The list could go on and on, so I will list just a few of my very favorite ones to make sure you will have your first coffee, bread and dinner sorted. For the rest of the time you can explore, talk, and find out by breathing in the city and its people.
- Coffee Lab. It is far from the main square but the walk there is worth it. This little but spacious and bright two-story building next to a little park in the University and hospital area promises a real, deep coffee experience. Besides coffee, they serve great breakfast and brunches, and it’s also a great place for digital nomads to work.
- Guliani. The smells of fragrant fresh bread coming out of this open bakery will pull you to this cozy, modern bakery/cafe located right next to the river. The big windows are perfect to have a glimpse of nature and the city outside. They serve amazing desserts, brunch, lunch, and many traditional dishes with a modern twist. Perfect for a coffee break, lunch, or brunch with enough space and quiet to work as well.
- Keto and Kote. Hidden at the end of a dark alley just on the top behind Rustaveli metro station, this restaurant is one of my favorites for a special dinner. The location is beautiful, the atmosphere relaxed and cozy and the traditional dishes are the tastiest ever.
- Kala. If you are looking for a more casual dinner in the center of the city stop here for a Khachapuri (a fresh walnut salad), and a glass (or a bottle!) of Qvevri wine (made with the traditional Georgian method used for 8000 years!). This spot is on a busy alley filled with options, but the Khatchapuri here is divine and they also play live music in the evenings.
- Salobie Bia. Lobio is one of my favorite Georgian dishes, a pie filled with beans (and sometimes meat). Come to this little, full-of-personality-and-art cafe to try it!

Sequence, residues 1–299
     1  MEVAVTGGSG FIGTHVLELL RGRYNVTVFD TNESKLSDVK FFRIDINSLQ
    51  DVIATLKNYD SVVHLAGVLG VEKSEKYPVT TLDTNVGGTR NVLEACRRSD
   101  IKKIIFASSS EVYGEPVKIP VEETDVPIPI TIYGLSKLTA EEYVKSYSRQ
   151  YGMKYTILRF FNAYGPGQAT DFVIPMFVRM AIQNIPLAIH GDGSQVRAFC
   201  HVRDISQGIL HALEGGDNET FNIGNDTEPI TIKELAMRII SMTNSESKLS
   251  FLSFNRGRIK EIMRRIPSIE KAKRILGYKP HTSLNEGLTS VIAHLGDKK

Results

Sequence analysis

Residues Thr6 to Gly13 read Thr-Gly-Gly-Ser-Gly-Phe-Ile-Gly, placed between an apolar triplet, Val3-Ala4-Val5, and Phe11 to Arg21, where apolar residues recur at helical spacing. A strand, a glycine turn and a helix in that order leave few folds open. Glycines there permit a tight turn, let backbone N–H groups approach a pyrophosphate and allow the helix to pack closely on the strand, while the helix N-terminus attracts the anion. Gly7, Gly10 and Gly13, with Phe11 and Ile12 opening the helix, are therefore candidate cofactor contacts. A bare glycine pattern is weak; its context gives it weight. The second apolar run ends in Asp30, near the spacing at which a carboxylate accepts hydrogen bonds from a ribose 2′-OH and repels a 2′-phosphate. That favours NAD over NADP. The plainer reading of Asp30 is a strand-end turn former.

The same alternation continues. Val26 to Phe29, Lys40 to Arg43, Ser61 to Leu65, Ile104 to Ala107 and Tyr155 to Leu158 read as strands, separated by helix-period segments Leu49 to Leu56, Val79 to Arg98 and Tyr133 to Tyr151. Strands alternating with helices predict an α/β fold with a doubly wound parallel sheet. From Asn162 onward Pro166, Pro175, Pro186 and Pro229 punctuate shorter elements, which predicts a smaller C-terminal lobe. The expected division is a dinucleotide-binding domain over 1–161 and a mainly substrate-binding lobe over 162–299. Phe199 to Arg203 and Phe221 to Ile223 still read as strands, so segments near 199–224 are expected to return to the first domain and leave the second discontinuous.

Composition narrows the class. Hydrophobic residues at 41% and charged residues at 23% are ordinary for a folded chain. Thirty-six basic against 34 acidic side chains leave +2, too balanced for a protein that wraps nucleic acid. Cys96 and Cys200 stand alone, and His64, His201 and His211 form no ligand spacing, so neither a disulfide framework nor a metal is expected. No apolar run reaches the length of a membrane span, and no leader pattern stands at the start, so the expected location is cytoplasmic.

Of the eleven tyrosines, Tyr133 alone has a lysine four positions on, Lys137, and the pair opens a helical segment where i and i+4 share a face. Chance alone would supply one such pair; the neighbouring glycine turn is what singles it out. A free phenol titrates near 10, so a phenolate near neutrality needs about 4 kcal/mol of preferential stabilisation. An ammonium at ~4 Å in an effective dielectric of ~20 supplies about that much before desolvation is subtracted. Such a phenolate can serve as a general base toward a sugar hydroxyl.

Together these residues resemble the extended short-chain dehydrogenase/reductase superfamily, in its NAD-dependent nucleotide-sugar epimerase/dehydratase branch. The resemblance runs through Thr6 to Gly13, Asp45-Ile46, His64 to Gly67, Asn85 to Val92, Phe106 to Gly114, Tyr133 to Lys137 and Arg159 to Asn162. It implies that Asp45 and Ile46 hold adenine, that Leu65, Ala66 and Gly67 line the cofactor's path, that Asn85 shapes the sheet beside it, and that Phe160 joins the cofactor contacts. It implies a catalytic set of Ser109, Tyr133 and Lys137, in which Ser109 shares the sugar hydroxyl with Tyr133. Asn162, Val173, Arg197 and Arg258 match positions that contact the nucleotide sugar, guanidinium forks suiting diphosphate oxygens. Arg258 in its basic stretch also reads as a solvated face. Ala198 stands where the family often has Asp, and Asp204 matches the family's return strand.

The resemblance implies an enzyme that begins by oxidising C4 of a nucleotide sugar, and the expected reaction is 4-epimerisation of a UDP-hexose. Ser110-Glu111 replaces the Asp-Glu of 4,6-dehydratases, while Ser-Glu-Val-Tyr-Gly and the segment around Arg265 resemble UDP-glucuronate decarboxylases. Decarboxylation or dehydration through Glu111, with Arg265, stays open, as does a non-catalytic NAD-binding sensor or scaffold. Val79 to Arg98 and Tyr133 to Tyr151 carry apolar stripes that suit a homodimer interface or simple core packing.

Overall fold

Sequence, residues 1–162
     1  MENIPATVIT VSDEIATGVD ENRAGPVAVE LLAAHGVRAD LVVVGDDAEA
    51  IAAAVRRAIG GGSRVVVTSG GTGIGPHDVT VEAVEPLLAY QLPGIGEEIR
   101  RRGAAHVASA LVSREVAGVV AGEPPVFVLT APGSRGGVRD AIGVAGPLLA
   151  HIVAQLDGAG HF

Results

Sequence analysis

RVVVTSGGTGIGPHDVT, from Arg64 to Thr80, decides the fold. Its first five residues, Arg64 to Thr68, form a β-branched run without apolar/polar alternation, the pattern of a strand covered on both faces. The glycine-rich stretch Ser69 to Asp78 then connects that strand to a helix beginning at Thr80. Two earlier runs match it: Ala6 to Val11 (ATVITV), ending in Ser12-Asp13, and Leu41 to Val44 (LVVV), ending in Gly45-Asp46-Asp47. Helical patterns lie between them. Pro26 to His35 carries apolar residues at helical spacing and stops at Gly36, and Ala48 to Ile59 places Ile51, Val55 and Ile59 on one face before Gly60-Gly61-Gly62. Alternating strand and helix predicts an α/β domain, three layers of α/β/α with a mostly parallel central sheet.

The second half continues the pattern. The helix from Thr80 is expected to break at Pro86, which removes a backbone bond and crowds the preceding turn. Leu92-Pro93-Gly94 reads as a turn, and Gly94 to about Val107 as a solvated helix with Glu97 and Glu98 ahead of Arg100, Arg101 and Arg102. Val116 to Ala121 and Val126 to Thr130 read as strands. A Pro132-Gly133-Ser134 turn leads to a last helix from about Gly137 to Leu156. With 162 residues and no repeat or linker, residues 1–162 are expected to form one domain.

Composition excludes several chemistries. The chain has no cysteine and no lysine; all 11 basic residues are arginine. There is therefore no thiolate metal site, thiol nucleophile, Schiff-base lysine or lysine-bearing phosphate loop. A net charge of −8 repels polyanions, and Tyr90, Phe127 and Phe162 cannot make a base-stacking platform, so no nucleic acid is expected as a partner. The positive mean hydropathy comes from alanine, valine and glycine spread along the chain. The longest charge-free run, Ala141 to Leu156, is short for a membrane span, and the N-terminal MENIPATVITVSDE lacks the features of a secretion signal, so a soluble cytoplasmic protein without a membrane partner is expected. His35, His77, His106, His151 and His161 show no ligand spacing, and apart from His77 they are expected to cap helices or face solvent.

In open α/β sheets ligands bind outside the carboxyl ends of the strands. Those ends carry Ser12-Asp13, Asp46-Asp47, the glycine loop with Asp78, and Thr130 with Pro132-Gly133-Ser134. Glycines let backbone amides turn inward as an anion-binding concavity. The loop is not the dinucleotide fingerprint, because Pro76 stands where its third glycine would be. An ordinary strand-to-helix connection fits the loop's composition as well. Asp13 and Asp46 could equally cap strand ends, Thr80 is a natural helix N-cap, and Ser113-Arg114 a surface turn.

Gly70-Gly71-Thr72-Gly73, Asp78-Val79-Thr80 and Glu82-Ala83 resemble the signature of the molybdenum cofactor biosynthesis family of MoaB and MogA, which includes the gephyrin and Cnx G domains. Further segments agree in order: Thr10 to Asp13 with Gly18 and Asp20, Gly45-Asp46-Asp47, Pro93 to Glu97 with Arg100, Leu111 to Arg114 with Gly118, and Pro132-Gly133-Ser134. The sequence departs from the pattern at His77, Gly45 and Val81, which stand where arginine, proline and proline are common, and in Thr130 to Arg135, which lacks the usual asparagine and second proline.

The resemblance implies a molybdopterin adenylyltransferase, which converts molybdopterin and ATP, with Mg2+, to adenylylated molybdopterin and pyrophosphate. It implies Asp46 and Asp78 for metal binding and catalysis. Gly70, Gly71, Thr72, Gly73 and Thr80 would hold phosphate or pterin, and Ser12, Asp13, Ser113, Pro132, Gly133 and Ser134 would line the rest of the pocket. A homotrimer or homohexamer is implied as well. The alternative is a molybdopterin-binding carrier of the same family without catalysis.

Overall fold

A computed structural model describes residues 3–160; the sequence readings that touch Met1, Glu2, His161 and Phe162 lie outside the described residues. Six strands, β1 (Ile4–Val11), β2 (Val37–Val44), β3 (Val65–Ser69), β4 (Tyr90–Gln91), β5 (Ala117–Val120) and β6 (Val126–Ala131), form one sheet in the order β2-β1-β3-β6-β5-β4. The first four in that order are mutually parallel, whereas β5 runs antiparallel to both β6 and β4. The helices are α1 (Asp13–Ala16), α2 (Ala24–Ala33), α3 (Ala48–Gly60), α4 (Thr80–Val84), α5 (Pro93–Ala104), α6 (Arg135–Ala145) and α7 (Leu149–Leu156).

- Dezerters bazaar. For all your grocery shopping, this is definitely the place to come. The main bazaar is not far from the city center and is in a nice area to explore. Come here to buy all your veggies, fruit, nuts, dairy, bread, etc. Bring your reusable bag and get ready to practice your Georgian or Russian (not much English being spoken there)!
Tbilisi, as is every Georgian town, is best walked and explored on foot. The “eastern style” courtyards and the beautiful wooden balconies eveywhere will keep your curiosity busy while climbing up and down through the old town and eating fresh fragrant, warm, irresistible bread bought from one of the tiny bakeries you find at every corner, all filled with smiling big ladies and pies.
The city is a great place for a digital nomad to be based, and with a vibrant city life that’s not too chaotic. It’s not large enough to be driven away by the craziness of the larger capitals and it’s an easy place to leave to go and explore the rest of the country. Catching buses, Marshrutka (little local minivans), or renting a car is very easy, and travel around the country is easy, fun and hassle-free.
Most of the young people speak fluent English and Russian so you won’t have problems communicating (even though you will probably start learning a little bit of the fascinating, mysterious, and unique Georgian language).
Georgian culture is alive with my favorite aspects of Eastern culture such as hospitality, love, and the importance of food, family, friends, and community.
It’s a place that will hold you for longer than you expect. It is a place that makes you feel at home, a place which “adopts” you, a place where you want to come back to, especially when autumn comes and it’s time to plan and dream of being back on a routine of work and life as only us digital nomads can experience.